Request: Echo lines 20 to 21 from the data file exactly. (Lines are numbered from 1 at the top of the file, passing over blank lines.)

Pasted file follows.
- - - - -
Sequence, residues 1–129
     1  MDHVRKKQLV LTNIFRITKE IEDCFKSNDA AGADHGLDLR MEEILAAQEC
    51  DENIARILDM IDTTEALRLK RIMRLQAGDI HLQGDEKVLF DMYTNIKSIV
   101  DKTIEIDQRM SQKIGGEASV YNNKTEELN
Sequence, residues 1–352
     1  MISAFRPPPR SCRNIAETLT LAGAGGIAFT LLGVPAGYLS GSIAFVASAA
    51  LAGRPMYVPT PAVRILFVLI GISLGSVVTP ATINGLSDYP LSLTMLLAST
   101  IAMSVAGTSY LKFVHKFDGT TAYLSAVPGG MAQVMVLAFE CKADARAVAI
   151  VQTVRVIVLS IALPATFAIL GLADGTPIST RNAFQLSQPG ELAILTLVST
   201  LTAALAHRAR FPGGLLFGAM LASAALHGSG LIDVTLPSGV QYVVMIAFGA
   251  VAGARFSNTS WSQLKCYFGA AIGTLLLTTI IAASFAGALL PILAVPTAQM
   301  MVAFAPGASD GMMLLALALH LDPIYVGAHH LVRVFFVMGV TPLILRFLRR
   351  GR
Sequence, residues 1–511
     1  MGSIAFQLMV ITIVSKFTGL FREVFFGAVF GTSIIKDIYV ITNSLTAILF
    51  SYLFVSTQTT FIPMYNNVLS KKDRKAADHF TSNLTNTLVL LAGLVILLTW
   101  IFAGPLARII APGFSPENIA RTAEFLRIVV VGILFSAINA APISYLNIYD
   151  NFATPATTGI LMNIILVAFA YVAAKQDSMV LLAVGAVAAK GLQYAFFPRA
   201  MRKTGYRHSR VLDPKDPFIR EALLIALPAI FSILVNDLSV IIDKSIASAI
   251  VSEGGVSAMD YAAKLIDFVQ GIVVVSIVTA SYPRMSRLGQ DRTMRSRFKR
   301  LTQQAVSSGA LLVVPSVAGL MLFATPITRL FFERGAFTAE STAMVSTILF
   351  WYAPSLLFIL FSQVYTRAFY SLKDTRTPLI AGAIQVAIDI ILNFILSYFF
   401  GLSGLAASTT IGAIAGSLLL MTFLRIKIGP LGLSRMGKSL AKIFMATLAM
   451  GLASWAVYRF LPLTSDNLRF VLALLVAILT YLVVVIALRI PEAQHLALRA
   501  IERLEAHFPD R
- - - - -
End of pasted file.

   251  VSEGGVSAMD YAAKLIDFVQ GIVVVSIVTA SYPRMSRLGQ DRTMRSRFKR
   301  LTQQAVSSGA LLVVPSVAGL MLFATPITRL FFERGAFTAE STAMVSTILF